Chapter 7: Listening and Reading
Reading and tasks on how the brain processes listening output; types of listening input; types of listening materials and how to choose them for the classroom; how to tailor listening activities to student level and mental method of processing; ways to set up activities within a listening lesson and sequence of lessons; how the MINUS Approach can be used to structure effective listening; specific techniques for teaching listening skills; how the schema theory impacts ESL/EFL reading activities; common reading strategies that can be taught to ESL/EFL learners; selecting reading materials; intensive and extensive reading skills; types of pre-reading, while reading, and post-reading activities; and ways to assess reading both formally and informally.
Chapter 8: Speaking and Writing
Reading and tasks on the foundation needed for ESL/EFL students to improve their oral and written language production; commonly used classroom speaking activities; the sounds and most common pronunciation rules for English pronunciation and when to incorporate effective pronunciation techniques into ESL/EFL lessons; structuring ESL/EFL writing activities and lessons; and recommended outside resources to improve and expand teacher knowledge, methods, and materials of ESL/EFL speaking and writing.
Chapter 9: Visual Aids and Technology
Reading and tasks on the several benefits of using low-tech visual aids with English language learners; low-tech visual aids and how they can be applied to the ESL/EFL classroom; ways to use the Internet effectively with ESL/EFL students; precautions to consider when assigning Internet-related activities; how blogs and wikis might be used to enhance students’ communication skills; recommendations for effectively integrating video into the ESL/EFL classroom; ways to use songs as a teaching and learning tool; appropriate visual aids for each language skill (reading, writing, listening and speaking); and general criteria to follow when choosing a visual aid.
Chapter 10: Classroom Management
Reading and tasks on the basic concepts and best practices of classroom management; the most common ways to physically arrange a classroom and their implications; ways to establish a presence as a teacher; how to create a successful community of student learners; suggestions for structuring daily lessons; and other student and classroom issues that may arise, and how to approach them.
At the end of the course, each student will need to complete a thematic unit. Your thematic unit will cover 3 days worth of lesson planning that you will create. The timeframe of 3 days simulates a typical week of classes for a TEFL/TESOL instructor abroad. The thematic unit is worth a total of 100 points. The Thematic Unit must be completed in order to receive your TEFL/TESOL certificate.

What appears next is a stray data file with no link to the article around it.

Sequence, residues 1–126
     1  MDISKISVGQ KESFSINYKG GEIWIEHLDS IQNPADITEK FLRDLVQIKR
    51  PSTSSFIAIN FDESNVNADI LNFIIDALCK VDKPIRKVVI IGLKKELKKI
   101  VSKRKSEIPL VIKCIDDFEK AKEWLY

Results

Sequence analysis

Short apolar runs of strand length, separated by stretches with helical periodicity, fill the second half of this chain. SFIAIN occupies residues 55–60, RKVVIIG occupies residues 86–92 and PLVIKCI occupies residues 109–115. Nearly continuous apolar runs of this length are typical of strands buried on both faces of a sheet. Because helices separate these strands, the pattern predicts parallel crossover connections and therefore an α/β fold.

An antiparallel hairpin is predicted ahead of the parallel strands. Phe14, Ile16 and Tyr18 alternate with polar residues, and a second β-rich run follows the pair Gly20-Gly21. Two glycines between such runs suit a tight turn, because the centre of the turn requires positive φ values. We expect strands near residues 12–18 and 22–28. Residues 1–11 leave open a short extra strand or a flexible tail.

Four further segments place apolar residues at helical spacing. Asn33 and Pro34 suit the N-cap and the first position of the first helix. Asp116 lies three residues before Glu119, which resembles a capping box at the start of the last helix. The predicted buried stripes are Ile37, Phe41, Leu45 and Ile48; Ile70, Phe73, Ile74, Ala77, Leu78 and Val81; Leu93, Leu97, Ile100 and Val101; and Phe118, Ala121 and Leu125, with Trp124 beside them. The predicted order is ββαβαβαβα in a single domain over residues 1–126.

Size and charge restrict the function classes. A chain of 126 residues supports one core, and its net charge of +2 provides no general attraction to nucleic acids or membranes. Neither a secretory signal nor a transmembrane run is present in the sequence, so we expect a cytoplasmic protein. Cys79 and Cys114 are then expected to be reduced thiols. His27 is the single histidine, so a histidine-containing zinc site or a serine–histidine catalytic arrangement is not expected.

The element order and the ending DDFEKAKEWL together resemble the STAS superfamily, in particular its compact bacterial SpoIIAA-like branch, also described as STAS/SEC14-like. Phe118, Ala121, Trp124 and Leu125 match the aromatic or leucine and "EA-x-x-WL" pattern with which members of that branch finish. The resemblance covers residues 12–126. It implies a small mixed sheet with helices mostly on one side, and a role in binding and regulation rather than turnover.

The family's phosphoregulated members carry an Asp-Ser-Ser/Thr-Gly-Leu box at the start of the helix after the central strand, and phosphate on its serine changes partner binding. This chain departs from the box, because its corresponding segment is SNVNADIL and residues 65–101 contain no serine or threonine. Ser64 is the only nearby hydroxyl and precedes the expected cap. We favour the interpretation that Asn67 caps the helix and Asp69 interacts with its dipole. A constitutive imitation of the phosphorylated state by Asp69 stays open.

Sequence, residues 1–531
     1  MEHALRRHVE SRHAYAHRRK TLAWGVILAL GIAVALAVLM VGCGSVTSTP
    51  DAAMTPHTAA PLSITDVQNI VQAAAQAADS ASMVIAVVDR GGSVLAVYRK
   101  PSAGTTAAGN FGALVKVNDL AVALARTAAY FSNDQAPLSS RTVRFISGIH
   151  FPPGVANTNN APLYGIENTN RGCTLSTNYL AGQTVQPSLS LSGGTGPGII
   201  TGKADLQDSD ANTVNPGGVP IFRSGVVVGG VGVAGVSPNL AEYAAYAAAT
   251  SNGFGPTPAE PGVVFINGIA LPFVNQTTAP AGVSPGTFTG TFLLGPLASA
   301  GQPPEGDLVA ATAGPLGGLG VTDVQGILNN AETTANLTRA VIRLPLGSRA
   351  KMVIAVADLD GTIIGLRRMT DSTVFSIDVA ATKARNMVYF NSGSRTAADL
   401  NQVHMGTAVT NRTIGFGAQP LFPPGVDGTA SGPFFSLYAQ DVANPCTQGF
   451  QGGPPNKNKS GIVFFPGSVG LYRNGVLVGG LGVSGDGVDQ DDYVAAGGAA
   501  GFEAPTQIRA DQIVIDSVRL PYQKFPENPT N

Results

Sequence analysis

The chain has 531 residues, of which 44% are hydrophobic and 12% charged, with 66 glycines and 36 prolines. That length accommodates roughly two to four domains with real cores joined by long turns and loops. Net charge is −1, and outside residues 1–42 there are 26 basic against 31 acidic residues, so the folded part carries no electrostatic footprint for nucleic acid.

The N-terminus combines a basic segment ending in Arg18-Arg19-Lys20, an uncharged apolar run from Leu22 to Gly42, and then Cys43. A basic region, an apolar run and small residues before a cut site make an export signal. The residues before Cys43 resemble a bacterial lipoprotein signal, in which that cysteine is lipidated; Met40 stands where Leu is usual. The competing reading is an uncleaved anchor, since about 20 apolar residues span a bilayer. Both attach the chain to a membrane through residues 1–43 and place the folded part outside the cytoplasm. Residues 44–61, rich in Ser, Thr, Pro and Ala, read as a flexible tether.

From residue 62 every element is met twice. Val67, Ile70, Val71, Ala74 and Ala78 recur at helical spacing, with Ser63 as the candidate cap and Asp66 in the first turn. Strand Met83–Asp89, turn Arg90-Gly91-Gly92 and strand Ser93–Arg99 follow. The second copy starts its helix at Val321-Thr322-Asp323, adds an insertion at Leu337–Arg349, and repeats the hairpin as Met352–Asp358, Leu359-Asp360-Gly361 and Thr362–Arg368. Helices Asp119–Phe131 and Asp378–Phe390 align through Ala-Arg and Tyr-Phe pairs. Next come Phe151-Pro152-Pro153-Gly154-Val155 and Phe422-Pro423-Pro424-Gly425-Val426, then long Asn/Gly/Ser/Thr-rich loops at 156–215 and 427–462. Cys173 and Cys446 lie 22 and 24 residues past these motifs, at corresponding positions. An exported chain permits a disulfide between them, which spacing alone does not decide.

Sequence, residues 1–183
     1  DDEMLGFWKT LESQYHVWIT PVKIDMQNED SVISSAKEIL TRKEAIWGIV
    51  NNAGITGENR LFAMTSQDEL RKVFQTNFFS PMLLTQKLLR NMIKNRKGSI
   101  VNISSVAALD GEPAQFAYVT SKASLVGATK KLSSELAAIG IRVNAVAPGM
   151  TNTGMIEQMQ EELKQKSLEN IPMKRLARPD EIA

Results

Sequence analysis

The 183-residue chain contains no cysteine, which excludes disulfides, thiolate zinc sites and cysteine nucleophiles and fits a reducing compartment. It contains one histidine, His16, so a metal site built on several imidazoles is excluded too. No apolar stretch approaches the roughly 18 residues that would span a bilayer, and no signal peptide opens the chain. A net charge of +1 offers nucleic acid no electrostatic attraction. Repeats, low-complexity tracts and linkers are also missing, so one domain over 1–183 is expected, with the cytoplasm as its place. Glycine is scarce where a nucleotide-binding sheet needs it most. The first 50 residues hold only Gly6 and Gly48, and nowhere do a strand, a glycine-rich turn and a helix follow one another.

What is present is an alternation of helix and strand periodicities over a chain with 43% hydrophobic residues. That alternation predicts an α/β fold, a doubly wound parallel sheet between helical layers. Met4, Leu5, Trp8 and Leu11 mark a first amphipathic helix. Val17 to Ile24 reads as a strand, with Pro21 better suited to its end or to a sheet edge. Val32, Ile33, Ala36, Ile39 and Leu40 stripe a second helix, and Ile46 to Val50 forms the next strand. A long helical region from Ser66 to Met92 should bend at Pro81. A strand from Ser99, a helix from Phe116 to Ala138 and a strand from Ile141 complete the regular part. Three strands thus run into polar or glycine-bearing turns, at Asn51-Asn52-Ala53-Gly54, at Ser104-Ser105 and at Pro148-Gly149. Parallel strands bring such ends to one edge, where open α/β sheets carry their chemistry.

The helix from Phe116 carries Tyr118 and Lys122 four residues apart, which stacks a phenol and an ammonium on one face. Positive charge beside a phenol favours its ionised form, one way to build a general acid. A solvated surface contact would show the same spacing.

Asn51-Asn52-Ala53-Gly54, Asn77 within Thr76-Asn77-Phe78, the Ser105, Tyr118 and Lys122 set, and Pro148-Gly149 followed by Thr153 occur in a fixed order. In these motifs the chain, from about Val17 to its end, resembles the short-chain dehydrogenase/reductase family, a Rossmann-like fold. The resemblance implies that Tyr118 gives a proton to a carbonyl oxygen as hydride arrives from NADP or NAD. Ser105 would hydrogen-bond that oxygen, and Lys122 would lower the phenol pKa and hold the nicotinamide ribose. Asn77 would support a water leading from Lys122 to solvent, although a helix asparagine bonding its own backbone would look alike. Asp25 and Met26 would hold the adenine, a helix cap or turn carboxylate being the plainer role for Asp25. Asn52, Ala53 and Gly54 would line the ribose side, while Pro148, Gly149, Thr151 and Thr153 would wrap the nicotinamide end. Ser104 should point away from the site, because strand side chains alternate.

More details can be found under Assignments and Tasks.
Part 2: Young Learners and Business English Additional Chapters
The following 2 units are offered as an optional add-on to the course. You will earn an additional 30 hours of certification at the end of the following 2 units.
English for Specific Purposes (ESP) and Business English
Subjects covered in this unit are:
- The history and development of English for Specific purposes (ESP)
- The rationale behind and methods for conducting needs analyses
- Major considerations for teaching English for academic purposes (EAP)
- Sample reading, writing, listening, and speaking tasks that would benefit students in Business English
- Various online resources available for ESL/EFL instructors within EAP and business English
Subjects covered in this unit are:
- Differences between teaching young learners and adults
- Differences in teaching approach to different ages of young learners
- Examples of best activities for young learners
- How to teach listening and speaking skills to young learners
- How to teach reading and writing skills to young learners
- How best to manage a class of young learners
There are no required text books for this course. All of your reading material is available online within Moodle. However, the course material is available to purchase in either a paperback or PDF version. Purchase of the course book is completely optional and not a requirement to take the online TEFL/TESOL Certification Course.
If you would like to purchase a paperback copy of the text book, you can do so here: